9 Replies Latest reply on Mar 18, 2018 3:42 PM by D Fosse

    Free Transform with Lens Correction


      Hello All,



      My question is about using the Free Transform tool after applying the Lens Correction filter, when correcting converging lines in architectural photos.



      After using the "vertical perspective" correction by as much as -50 to -90, buildings may look short, or "stubby."  That's when I use the Free Transform tool to drag the top or bottom edge of the image up or down to give the building a more natural-looking scale.  Usually somewhere between 102% to 105% on the scale bar does the trick, but I usually just go by feel.



      So... do others use the Free Transform Tool in the same way?  If so, is there any precise formula you use based on the amount of correction you've used, or height of the building, to adjust the scale?







        • 1. Re: Free Transform with Lens Correction
          davescm Adobe Community Professional


          Take a look at this, it may help you. It was written by Rodenstock so is pushing the advantages of Tilt & Shift lenses - but the Photoshop techniques are well written and do work:




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          • 2. Re: Free Transform with Lens Correction
            D Fosse Adobe Community Professional & MVP

            As far as I can tell two important facts are omitted here:


            • even a tilt/shift lens is "incorrect" because of rectilinear correction. This is the familiar "corner stretching" we all know from wide angle lenses - but what it actually is, is progressive stretching away from the center. This affects all lenses to varying degrees, except fisheyes. The wider the angle, the more progressive stretching. A tilt/shift lens has an extra large projection area, so it's effectively "wider" than focal length would indicate. It's this "wider angle" you tap into with shifting.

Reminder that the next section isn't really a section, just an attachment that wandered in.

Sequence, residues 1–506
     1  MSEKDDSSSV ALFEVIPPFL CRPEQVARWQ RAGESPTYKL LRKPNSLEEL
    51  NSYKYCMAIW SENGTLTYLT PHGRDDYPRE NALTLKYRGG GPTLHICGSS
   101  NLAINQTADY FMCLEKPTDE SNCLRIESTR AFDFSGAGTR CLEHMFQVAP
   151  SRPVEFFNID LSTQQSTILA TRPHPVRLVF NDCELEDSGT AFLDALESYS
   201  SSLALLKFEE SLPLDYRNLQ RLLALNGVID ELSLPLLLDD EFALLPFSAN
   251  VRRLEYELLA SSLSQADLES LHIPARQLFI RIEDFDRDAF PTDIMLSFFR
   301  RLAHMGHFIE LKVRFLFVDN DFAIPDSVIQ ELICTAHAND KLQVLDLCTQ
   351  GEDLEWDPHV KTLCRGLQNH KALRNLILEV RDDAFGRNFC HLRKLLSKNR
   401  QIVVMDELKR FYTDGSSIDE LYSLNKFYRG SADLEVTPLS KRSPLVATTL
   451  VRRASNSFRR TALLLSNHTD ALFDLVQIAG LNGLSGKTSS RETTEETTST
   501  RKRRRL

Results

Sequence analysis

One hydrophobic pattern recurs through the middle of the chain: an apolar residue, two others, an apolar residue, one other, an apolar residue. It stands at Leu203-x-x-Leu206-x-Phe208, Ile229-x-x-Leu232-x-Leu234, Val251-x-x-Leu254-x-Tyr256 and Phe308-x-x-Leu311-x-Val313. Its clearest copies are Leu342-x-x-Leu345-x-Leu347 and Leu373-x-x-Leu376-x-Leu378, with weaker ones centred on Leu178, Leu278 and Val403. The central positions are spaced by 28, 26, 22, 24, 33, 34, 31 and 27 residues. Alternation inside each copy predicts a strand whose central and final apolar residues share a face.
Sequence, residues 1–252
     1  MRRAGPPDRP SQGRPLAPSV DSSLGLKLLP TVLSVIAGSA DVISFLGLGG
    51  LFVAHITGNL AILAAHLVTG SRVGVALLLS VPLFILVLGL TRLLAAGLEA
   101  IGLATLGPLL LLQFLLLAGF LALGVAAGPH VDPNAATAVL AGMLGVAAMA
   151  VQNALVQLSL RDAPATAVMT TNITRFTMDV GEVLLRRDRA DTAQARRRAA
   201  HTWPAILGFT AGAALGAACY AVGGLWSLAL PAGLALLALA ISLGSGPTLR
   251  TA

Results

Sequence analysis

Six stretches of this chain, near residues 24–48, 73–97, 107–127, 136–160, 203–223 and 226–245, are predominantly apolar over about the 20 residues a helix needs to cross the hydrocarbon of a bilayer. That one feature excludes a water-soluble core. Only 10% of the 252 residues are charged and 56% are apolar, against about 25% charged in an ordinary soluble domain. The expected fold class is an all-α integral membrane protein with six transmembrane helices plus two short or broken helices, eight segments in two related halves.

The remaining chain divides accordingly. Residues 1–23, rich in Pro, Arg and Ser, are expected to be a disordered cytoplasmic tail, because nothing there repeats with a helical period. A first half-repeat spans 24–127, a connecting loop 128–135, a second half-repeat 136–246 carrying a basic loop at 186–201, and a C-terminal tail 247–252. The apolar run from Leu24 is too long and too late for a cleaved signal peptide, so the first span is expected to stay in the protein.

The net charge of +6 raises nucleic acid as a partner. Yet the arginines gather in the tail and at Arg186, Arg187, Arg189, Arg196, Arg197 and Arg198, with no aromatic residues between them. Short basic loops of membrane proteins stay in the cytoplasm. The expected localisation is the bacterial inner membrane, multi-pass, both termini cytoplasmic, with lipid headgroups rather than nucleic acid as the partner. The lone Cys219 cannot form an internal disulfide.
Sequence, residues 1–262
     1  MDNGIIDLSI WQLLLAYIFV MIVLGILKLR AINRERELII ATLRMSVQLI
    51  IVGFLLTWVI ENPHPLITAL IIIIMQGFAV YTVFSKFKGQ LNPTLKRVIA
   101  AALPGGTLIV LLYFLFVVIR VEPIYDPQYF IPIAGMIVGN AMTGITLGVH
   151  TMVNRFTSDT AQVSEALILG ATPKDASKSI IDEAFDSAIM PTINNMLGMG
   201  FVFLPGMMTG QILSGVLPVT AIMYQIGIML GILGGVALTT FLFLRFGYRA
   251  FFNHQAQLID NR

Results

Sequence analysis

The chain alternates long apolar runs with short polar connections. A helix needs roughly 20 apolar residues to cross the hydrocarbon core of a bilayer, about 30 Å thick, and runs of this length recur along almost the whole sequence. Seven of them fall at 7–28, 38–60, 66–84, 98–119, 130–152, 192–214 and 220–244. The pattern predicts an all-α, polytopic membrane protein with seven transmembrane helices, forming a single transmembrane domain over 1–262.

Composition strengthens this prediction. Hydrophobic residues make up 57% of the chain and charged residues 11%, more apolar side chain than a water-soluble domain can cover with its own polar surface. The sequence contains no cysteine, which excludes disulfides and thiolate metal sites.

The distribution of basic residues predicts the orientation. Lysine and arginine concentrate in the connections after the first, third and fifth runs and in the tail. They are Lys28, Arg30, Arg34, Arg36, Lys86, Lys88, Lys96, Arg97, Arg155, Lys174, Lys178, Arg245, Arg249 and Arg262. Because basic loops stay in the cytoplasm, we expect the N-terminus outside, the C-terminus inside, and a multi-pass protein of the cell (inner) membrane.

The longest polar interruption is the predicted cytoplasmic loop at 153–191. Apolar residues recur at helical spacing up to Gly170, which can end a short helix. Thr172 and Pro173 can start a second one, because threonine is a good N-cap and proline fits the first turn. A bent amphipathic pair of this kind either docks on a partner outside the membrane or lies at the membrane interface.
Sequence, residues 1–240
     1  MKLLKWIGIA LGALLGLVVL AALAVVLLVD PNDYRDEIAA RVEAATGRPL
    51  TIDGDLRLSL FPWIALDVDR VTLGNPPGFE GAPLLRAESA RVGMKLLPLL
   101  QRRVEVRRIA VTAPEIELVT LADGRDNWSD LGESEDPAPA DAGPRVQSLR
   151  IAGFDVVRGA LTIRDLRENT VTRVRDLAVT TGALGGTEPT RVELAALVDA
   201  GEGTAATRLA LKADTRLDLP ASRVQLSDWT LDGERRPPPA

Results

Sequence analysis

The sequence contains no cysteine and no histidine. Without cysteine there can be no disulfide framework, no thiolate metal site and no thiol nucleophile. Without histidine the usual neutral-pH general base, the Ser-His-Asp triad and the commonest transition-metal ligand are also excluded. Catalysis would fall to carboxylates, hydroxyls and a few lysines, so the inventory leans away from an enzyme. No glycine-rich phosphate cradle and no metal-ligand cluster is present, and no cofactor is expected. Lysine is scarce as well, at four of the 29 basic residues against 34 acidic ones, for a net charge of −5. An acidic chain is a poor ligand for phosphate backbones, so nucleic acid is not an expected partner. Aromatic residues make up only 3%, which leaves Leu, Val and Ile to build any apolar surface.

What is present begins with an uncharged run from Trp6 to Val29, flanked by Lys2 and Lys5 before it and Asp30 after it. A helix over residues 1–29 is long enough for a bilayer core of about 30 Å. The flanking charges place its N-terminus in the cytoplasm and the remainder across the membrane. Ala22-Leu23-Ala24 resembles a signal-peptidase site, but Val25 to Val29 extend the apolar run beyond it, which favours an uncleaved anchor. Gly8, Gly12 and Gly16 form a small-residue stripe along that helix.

• it's possible to mimic a tilt/shift lens very accurately by making two exposures - one horizontal shot without distortion, and one tilted to extend upwards. Then align the tilted shot to the horizontal one, keeping as much of the latter as possible. True, you will lose sharpness in the distorted top part - but you can compensate that by scaling down the horizontal part a bit before running auto-align. This way most of the transformation is "inwards" not "outwards".
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            • 3. Re: Free Transform with Lens Correction
              davescm Adobe Community Professional

              That second technique with two shots is one I'd not thought of and like you say you will get the alignment spot on. Nice one !



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              • 4. Re: Free Transform with Lens Correction
                D Fosse Adobe Community Professional & MVP

                That's how I did this one, and this is how a, say, 35mm tilt/shift lens would do it (originals were shot with a 50 mm). But you can still see it's stretched towards the top. If you want to keep straight verticals, I don't think there's any way to avoid that.




                The real headache here is parallax error. Horizontally you can control that with a focusing rail, pulling the camera back so it rotates around the optical center of the lens. But vertically it's very difficult because the tripod head rotates at a point way below the camera. I'm working on that problem. At the moment I'm thinking of an L-bracket with a separate ball head mounted horizontally - then you can use the focusing rail on that. Phew...